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SAN ANTONIO — The fatigue is real. Talk of growing the game has officially been put on the backburner.

In the aftermath of nearly two years of PGA Tour-LIV Golf feuding, Rory McIlroy said Wednesday he isn’t surprised that many golf fans have become disenchanted, but he sounded more than just mildly concerned about the ramifications that appear to be manifesting in recent viewership numbers.

Speaking in San Antonio as he prepares for his last tuneup before the 2024 Masters, McIlroy said the raw data from PGA Tour telecasts is alarming, as one in every five former TV viewers has decided to shut the product off.

“I know this isn’t a be-all, end-all, but if you look at the TV ratings of the PGA Tour this year, they’re down 20 percent across the board,” he said. “That’s a fifth. That’s big. I would say the numbers on LIV aren’t great either in terms of the people tuning in. I just think with the fighting and everything that’s went on over the past couple years, people are just getting really fatigued of it and it’s turning people off men’s professional golf, and that’s not a good thing for anyone.”

While the four-time major champ is focused on his own game, especially in light of his failure to crack the top 15 in any of his first five starts of 2024, he’ll be keeping an eye on how TV viewers respond to the first major of the year in Augusta. But then he believes an even truer indication will come from the other three majors on the schedule.

“It’s going to be really interesting to see how the four major championships do, or even the three because put Augusta aside, I think that sort of lives in its own world,” he said. “It will be really interesting to see how the major championship numbers fare compared to the other bigger events because there’s an argument to be made if the numbers are better and you’ve got all the best players in the world playing, then there’s an argument to say ‘OK, we need to get this thing back together.’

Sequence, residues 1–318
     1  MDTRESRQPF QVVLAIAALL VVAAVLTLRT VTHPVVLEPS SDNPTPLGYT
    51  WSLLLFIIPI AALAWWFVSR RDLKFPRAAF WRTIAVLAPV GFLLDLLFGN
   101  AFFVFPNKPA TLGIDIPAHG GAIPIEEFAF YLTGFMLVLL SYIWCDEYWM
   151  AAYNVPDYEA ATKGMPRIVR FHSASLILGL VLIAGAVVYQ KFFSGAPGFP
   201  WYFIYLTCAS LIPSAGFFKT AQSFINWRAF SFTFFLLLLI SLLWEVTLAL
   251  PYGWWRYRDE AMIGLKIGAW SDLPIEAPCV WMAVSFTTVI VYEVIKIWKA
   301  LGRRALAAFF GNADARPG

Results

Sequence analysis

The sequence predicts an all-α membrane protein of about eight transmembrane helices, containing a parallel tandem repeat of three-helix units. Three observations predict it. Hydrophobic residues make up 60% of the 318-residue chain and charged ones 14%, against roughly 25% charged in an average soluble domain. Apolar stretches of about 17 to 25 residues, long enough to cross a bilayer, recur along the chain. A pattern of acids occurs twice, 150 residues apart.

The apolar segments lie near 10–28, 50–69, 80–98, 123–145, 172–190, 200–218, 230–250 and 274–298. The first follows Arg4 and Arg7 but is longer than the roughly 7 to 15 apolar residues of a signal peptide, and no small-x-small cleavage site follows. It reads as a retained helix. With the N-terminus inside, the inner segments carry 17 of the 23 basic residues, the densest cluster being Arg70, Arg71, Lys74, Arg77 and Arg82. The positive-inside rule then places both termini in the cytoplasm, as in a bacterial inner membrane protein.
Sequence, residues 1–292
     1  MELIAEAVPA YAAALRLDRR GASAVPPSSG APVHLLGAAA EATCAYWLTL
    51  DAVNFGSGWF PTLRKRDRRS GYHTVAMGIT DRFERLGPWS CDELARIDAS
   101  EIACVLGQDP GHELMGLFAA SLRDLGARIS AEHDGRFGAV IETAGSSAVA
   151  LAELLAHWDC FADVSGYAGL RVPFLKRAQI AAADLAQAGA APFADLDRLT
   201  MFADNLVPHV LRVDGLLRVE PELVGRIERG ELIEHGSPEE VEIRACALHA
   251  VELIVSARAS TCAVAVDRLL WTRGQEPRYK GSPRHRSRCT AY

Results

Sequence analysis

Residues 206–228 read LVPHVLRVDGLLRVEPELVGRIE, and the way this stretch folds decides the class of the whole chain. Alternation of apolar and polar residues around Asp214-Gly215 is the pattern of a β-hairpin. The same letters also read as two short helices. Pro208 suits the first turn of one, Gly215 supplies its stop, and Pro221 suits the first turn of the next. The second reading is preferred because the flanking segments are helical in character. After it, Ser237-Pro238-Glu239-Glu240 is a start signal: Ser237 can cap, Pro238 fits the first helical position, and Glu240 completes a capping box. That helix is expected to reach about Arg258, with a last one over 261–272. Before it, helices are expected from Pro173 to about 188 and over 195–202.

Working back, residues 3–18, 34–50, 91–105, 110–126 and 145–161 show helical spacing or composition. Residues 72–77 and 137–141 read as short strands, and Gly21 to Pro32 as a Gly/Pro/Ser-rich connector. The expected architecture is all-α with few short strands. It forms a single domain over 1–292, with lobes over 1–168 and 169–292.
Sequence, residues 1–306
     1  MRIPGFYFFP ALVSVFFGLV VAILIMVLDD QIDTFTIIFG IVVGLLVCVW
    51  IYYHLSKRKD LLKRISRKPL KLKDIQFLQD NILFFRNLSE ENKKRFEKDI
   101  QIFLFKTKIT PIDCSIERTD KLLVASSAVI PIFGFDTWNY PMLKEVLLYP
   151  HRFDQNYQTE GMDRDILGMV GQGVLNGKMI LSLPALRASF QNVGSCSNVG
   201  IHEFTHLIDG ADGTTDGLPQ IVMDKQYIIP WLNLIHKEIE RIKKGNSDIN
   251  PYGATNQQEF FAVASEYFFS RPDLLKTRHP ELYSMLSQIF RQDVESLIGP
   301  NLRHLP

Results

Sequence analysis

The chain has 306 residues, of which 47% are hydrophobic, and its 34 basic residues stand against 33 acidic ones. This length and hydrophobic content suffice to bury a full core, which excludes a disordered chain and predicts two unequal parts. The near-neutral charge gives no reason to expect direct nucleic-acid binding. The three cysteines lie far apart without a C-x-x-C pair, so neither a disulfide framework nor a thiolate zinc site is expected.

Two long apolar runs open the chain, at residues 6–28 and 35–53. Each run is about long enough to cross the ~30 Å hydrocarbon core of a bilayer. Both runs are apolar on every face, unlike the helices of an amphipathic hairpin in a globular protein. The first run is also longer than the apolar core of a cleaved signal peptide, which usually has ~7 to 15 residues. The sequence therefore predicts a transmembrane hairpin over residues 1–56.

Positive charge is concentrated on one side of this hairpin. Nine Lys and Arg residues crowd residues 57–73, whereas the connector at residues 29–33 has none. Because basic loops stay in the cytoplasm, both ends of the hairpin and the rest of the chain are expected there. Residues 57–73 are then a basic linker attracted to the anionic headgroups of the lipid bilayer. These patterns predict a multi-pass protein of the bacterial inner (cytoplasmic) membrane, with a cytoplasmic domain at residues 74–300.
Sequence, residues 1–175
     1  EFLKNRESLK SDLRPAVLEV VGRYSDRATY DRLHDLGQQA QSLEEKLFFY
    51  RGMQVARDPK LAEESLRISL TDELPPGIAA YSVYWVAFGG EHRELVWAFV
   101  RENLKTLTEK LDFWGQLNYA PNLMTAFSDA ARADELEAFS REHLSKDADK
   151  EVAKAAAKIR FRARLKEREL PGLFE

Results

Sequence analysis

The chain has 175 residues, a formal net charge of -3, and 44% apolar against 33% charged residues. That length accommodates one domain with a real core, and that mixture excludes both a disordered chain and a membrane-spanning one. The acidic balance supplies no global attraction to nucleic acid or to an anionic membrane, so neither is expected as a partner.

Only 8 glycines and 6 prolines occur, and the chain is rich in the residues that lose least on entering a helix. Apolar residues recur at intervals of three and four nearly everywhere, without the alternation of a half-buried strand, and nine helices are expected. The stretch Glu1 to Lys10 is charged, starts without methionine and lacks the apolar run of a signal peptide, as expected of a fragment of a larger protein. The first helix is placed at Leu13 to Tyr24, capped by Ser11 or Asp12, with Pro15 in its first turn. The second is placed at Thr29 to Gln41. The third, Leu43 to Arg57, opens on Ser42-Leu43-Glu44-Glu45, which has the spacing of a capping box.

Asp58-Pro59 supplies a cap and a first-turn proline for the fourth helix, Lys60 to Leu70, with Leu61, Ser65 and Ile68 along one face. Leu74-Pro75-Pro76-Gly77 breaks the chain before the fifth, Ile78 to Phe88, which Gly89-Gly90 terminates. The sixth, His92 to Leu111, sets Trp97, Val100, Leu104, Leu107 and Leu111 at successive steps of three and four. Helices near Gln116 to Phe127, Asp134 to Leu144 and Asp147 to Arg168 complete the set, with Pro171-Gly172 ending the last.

“But on the flip side, if the numbers aren’t as good, it’s an argument to still say we need to put everyone back together because people are losing interest in the game even if they don’t want to tune in to the four major championships.”

Rory McIlroy plays a shot on the fifth hole during the first round of the 2024 Cognizant Classic in The Palm Beaches at PGA National. (Photo: Brennan Asplen/Getty Images)

Many assumed that additional exposure to the game through PGA Tour Live on ESPN+ and other online avenues would lead to a rise in viewership numbers, all while more people are playing the game in record numbers and consuming more golf content online.

But McIlroy, who in the Netflix documentary “Full Swing” described himself as the closest player on Tour to PGA Tour Commissioner Jay Monahan, said recently that it’s been difficult to see some of the world’s best players not matching up on a consistent basis.

“That’s where I said like things need a correction and things are unsustainable because I’m close with NBC and the people that really care about these things and the people that tune in to watch golf,” he said. “You know, 20 percent’s a pretty jarring number this year.”

Story originally appeared on GolfWeek

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